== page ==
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By Devin Friedman, Photographs by Pari Dukovic. 10:57 a.m. Uniqlo, West Hollywood
When Pharrell arrives, it’s as if in a bubble. Like Glinda, the Good Witch of the North. Starbucks in one hand, two Asian-American women assistants trailing in his wake, a Chanel scarf waving from his back pocket. Uniqlo has closed this store, in the Beverly Center, for an event: About thirty homeless kids have been given a shopping spree. Pharrell Williams, who of course collaborates on a clothing line with Uniqlo, is the surprise guest.

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He takes a picture with a girl in a her royal smurfness T-shirt and checks out jeans with a kid in a Lakers jersey. Truth be told, a lot of these kids don’t seem to know who he is. Most 7-year-olds don’t even know what a celebrity is. They don’t know that this is the man who, not long ago, was responsible for 43 percent of songs played on the radio in a single month; they probably don’t watch The Voice, where Pharrell is a celebrity “coach”; they don’t listen to “Blurred Lines” and know, hey, the genius behind that song wasn’t Robin Thicke, it was longtime super-producer and current pop star Pharrell Williams.

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And they don’t know that his 2014 album, G I R L, is up for an album-of-the-year Grammy. Free skinny jeans in rainbow colors stacked to the rafters—that’s more intoxicating to a homeless kid than the reigning pop-music genius of our time. None of this bothers Pharrell. He is in his bubble, wandering the consumer video game that is Uniqlo. You could find a worse metaphor for Pharrell than Uniqlo. Post-racial, post-gender, kind of post-national. Its products are bright and happy and totally synthetic and futuristic and irresistible and are born of that high-low mix. I’m not saying we won’t discover more about him in the next thirteen hours.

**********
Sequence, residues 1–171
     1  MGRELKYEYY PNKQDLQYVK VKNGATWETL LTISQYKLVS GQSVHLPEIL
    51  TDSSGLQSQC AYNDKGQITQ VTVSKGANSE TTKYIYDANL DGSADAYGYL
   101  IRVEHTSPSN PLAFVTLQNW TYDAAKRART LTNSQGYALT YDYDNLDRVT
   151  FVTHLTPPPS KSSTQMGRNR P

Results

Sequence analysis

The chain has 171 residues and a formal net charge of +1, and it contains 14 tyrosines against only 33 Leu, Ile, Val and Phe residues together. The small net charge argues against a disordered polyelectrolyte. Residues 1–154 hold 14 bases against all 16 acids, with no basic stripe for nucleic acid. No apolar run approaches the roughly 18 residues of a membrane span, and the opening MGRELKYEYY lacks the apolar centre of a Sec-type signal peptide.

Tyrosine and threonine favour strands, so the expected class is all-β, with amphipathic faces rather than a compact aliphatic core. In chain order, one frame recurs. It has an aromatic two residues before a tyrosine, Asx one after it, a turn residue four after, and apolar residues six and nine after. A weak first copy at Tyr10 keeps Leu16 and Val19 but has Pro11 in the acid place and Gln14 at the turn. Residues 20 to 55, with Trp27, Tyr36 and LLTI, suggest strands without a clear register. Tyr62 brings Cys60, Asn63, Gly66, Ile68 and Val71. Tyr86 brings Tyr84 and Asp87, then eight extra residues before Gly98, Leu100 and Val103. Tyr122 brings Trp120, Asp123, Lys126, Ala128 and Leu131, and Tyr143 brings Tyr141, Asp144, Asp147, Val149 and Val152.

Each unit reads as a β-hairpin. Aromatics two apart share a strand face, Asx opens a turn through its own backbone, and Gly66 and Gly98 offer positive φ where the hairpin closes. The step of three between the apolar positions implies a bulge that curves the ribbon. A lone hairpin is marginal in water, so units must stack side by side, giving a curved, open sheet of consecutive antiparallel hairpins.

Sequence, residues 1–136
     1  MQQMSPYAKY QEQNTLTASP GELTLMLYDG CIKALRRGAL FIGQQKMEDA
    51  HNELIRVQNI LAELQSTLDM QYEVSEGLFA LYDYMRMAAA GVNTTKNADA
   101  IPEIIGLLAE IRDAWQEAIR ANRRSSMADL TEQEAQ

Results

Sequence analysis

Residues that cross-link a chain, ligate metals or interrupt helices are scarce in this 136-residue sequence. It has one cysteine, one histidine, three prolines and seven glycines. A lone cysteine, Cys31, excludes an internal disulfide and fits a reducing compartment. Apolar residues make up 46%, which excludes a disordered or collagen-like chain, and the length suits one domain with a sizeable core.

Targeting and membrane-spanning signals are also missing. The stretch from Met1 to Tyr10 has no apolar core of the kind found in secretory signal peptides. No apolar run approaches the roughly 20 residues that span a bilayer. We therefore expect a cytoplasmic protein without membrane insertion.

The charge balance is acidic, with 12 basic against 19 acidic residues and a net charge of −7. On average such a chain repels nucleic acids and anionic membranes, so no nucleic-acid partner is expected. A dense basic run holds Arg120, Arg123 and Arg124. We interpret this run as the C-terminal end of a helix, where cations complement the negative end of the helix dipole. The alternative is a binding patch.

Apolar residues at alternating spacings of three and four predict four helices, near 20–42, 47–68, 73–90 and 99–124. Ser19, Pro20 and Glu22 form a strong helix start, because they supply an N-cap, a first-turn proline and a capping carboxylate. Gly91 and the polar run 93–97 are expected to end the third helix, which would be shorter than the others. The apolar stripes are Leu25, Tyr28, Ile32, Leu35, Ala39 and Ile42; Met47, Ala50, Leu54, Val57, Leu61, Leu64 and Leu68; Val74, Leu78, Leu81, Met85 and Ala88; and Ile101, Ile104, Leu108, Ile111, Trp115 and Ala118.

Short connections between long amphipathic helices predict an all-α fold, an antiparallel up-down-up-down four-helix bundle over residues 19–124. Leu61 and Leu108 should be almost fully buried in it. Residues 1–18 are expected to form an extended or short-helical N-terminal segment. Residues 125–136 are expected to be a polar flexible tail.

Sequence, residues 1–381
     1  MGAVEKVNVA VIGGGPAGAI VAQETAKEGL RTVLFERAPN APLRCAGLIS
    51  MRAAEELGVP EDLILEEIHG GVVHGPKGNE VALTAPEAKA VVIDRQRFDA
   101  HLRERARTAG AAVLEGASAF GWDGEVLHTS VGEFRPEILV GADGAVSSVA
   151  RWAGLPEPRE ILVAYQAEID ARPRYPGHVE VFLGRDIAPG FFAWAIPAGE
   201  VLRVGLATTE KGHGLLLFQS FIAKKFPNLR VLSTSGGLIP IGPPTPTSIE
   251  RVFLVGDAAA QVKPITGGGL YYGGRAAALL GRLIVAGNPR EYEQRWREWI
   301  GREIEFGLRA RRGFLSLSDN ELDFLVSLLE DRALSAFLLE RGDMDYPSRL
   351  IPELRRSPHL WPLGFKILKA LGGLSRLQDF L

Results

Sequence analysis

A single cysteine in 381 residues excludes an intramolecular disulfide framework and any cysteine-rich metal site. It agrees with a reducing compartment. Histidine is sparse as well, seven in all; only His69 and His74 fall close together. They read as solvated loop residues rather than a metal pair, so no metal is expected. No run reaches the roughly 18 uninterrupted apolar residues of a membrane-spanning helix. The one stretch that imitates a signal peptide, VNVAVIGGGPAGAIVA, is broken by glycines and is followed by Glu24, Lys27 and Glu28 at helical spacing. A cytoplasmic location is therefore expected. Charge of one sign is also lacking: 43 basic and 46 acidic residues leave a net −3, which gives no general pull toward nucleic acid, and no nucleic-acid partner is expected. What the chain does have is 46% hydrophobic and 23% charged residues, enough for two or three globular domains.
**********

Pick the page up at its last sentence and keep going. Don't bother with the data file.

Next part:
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But I will come to believe that everything there is to know about Pharrell can be gathered by watching him glide around looking silently at $15 tights. He is aloof, beneficent, curious, otherworldly. It’s like he’s only assumed a human form to make us less frightened. He’s regal. His clothes seem like a royal outfit of his own design—shredded jeans, a leopard-print shirt, a baseball jacket made of the thinnest diaphanous chiffon with printed flowers, which is part of his collection for Adidas. And the hat. Flat-brimmed and tall and stiffly perched on his head. Does he realize it’s kind of crown-like?

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The accessories are exhausting to catalog. The necklaces, the rings, the stacks of sparkly bracelets, the earrings, all of them tasteful but, in accumulation, acquiring a vibe of decoration. He’s a decorated king. He’s a quiet little Egyptian space cat of a dude. 11:48 a.m. Heading north on Cahuenga Boulevard. When he rides in his Cadillac Escalade, Pharrell rides in the front seat. Next to him is Ben, his security man for the past fifteen years. “Yo, you remember that guy?” Pharrell is saying to Ben. “Tall nigga, go by — [I’m leaving his name out]?” “Nah,” Ben says. “—? I don’t remember any —.”


There’s no chauffeury tone to their conversation. They seem like two dudes who’ve known each other a long time. Ben drives north toward the Universal lot, where Pharrell will shoot the third-to-last episode of season seven of The Voice. Pharrell slips an earpiece into his ear and answers a call. “Good morning, young man…. I’m all right…. Talk to me.” I later make an educated guess that it’s his music manager. “I wasn’t happy about the T.I. situation,” Pharrell is saying, presumably talking about the T.I. record Paperwork, which he produced. “They did that record hoping for radio play, and they got nothing out of it…. Great, you got your No. 1 hip-hop song. But what does that do for your sales?”